For convenient interpretation of the data discussed in the subsequent sections, the current paragraph highlights key features of the method section. The acute model is defined by rapid onset of severe clinical signs (sometimes interchangeably referred to as 'symptoms' in the rest of the text) that may be healed when the disease-causing agent (DSS) is withdrawn. The induction period in the acute model is shorter than in the chronic model and a higher DSS concentration is used. In the chronic model, induction of symptoms is slower but longer lasting with possible flare-up and remission cycles. DSS is administered in alternate cycles at lower concentrations for the chronic model (see Table and methods). The optimal concentration of PEO (75 mg/kg) for assessing its in vivo efficacy was determined in a pilot study using a dose response administration of PEO in DSS-treated animals (data not shown). Mesalamine/5-ASA, a standard first-line therapy for mild-to-moderate UC, administered at a recommended 50 mg/kg [22
], was used as a reference standard for in vivo models. In all instances, statistical significances of treatments of PEO and 5-ASA groups were compared to DSS group (Figs , , , Table ). The results are presented in the order of physiological, histopathological and molecular observations. In the sections to follow, the 'water-group' and the 'DSS-group' refer to the healthy and the disease controls respectively (see Table for details).
Disease activity index (DAI) (Fig ) combined the following 5 variables (clinical signs/symptoms): change in body weight, stool consistency, occult blood in stool, rear end bleeding and inflammation (visible), and rectal protrusion. DAI was used to compare the treatment response to PEO and 5-ASA with that of the DSS group following the scale described in Table [modified from [5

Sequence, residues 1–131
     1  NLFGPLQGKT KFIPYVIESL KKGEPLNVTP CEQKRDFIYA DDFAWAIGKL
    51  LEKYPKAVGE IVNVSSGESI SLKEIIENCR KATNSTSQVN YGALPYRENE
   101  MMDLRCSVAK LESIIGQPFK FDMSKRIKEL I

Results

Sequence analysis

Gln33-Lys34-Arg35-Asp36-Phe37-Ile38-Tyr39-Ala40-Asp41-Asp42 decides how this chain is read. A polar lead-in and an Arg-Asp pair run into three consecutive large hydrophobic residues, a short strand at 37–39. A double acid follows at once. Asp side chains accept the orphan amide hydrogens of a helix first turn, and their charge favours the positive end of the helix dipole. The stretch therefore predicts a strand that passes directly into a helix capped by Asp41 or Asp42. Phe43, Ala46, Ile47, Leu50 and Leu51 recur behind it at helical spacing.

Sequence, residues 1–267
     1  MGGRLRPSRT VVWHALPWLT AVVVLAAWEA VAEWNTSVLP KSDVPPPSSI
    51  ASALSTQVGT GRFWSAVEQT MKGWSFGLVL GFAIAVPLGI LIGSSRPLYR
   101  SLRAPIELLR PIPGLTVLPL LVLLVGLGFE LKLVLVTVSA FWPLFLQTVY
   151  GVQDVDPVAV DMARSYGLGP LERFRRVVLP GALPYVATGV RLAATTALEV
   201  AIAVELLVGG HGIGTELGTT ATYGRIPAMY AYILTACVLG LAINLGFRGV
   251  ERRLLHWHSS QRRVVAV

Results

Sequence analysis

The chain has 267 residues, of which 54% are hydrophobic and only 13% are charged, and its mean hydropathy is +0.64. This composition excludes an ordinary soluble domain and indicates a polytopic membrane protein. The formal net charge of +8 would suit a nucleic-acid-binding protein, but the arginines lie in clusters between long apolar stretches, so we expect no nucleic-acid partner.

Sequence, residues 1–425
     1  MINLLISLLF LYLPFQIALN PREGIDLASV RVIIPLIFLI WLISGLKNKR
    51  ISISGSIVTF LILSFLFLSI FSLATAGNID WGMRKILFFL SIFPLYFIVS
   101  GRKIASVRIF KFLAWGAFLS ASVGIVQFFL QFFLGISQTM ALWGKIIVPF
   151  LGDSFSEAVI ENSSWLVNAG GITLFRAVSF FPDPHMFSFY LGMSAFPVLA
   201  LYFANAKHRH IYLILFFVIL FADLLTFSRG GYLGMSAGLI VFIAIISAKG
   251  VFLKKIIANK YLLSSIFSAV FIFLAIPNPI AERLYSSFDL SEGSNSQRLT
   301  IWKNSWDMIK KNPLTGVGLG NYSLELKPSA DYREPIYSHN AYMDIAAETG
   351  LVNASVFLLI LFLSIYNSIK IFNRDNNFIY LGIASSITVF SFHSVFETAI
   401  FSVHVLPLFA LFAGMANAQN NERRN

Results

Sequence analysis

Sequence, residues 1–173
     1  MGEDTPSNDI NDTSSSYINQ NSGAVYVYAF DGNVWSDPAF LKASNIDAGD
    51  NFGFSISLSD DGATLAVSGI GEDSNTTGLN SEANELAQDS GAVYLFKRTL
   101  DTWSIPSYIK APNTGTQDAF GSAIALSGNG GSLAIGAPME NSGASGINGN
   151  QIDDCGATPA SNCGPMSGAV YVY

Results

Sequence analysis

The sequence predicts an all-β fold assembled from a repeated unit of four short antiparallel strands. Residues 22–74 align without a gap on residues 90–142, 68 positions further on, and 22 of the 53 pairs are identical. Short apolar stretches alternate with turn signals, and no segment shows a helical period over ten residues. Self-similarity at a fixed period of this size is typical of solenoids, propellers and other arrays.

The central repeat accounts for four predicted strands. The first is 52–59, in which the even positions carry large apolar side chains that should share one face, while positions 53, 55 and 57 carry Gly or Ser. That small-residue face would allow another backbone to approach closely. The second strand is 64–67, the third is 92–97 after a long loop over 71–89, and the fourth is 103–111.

]]. Rectal prolapse, one of the variables for DAI (Table ) was observed only in the chronic colitis animals (Fig ) occurring with partial prolapse of the rectal lining. Therefore, the DAI shown for the acute model (Fig ) does not reflect this variable. Also, UC is an intermittent disease with periods of exacerbated symptoms and periods that are relatively symptoms free [11
]. Due to the longer experimental duration of the chronic model (Table ), the relapse-remission pattern among members of individual groups was observed (Fig ). In the acute model, both PEO and 5-ASA attenuated the general signs of UC after 5, 10 and 15 days of respective treatments (Fig ) with PEO performing notably better (PEO p
< 0.01, 5-ASA p
< 0.05) and comparing closely with the water (healthy) group (Fig ). In the chronic model, alleviation of clinical signs was not observed until after 10 days of treatment (Fig ). The PEO-treated group showed significant amelioration (p
< 0.01) of symptoms on day 12 and continued to experience further relief until the end of the experiment while the 5-ASA group did not show any significant remission (Fig ). In addition, the PEO- treated group experienced an attenuated spike in symptoms starting from the second day of treatment (p
< 0.01), suggesting that PEO may also prevent the relapsing nature of chronic colitis (Fig ).